[“Agonist Function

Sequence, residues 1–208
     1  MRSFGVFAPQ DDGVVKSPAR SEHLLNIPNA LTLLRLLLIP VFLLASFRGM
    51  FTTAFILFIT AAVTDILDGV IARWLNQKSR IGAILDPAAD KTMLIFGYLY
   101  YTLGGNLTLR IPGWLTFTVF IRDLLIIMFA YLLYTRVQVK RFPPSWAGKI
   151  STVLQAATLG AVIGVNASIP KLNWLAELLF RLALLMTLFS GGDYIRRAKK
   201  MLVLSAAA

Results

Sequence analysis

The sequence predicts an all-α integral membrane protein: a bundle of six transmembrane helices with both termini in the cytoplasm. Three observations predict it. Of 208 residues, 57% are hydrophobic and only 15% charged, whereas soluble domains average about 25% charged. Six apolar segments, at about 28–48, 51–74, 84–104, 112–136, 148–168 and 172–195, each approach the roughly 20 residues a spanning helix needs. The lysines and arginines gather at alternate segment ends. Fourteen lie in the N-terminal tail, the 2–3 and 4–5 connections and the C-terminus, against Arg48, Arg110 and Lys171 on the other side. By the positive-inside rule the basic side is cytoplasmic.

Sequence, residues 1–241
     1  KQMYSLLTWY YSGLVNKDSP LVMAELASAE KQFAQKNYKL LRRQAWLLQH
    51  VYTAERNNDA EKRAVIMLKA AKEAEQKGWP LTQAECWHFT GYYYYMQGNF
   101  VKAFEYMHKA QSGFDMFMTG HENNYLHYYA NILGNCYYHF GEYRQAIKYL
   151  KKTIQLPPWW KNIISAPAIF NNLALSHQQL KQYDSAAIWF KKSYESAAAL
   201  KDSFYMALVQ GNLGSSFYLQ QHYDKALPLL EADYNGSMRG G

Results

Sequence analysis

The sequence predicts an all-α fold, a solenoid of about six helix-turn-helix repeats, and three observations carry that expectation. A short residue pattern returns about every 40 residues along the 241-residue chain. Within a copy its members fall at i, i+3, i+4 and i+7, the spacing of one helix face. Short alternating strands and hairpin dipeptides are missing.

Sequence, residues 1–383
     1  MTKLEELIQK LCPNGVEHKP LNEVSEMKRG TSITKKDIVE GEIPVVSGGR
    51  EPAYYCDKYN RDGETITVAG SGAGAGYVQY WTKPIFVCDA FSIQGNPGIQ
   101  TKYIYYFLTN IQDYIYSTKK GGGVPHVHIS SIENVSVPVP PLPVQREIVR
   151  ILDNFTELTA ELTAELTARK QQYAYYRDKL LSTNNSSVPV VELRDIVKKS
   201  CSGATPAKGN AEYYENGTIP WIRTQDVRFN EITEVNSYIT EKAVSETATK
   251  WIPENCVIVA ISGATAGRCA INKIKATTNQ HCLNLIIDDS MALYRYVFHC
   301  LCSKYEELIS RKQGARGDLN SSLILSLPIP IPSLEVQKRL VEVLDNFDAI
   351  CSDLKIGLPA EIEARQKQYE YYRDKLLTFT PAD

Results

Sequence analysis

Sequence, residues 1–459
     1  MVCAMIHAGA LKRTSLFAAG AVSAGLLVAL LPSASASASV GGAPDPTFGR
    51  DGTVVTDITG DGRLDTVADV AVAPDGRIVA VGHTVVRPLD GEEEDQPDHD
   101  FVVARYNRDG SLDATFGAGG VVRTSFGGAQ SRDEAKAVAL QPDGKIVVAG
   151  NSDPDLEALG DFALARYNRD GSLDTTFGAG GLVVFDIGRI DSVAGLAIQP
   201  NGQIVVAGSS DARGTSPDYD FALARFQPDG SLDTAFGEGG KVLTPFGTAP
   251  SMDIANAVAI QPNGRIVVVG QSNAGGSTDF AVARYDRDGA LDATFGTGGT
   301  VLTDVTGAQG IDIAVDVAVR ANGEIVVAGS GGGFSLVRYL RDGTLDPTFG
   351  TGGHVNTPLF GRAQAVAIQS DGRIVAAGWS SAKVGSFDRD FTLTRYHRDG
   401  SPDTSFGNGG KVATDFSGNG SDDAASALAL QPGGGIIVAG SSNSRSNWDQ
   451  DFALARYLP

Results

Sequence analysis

Introducing mutant genes into mice can reproduce some features of these diseases. Autosomal recessive diseases, which usually lack the functional protein encoded by the mutant gene, can often be modeled by gene knockout strategies.In both groups of disorders, gene knockout or overexpression of the genes that influence pathogenic pathways have prov ided insight into disease mechanisms and potential therapeutic targets.These model systems can also be used to evaluate novel treatments and expedite the path to clinical trials.Here we focus on the familial forms of AD and spinal muscular atrophy. In the case of FAD and FALS, we anticipate that understanding the inher ited illnesseswill shed light on the more common sporadic forms of AD and ALS.In the case of SMA, all cases are attributable to the same genetic mechanism.Mental functions and activ ities of daily living become progressively impaired.The clinical signs of AD result from selective degeneration of neurons in brain regions critical for memory, cognitive performance and personality. Dysfunction and death of these neurons lead to reduced numbers of synaptic markers in their target fields; the disruption of synaptic communication is manifested by mental impairments and, finally, severe dementia.Two types of intracellular and extracellular protein aggregates found in the brain are a pathological hallmark of AD. Neurofibrillary tangles are inclusions located within cell bodies and proximal dendrites, and within filamentous swellings in distal axons and synaptic terminals.Hyperphosphorylated isoforms of the microtubuleassociated protein tau, which assemble into poorly soluble paired helical filaments, are central feature of these neurofibrillary tangles.The extracellular aggregates in the brain of individuals with AD result from elevated levels of A, a kD amyloid peptide derived by cleavage of the amyloid precursor protein. A monomers form oligomers and multimers, which assemble into cysteine protofilaments and then fibrils. Eventually, A fibrils are deposited as the amyloid cores of neuritic or senile plaques, which are complex structures also containing dystrophic neurites, astrocytes and microglia.Both neurofibrillary lesions and plaques are preferentially localized to the cortex, hippocampus and amygdala.Schematic diagram of a neuron showing an extracellular amyloid plaque in the target field with a central core of A fibrils surrounded by dystrophic neurites, astrocytes and microglia.Such mutations are identified in at least three different genes: APP, PS and PS. APP is a type I transmembrane protein expressed in many different cell types, but particularly abundant in neurons. Pathogenic A peptides are generated via cleavage of APP by BACE. The levels and distributions of APP and these proamyloidogenic cleavage enzymes in neurons, and in particular BACE, are hypothesized to be the principal determinants of high levels of A in the brain.A variety of APP mutations reported in cases of FAD are near cleavage sites involved in formation of A. This longer A peptide is thought to promote the formation of A aggregates and amyloid plaques.In contrast, APP mutationswithin the A peptide domain do not elevate the level of A but may cause amyloidosis by increasing A oligomer or protofibril formation.PS influences APP processing, but it is not clear whether PS itself acts as the protease, functions as a Diethylstilbestrol cofactor critical for the activity of secretase, or exerts its influence via trafficking of APP to the proper compartment for secretase cleavage.

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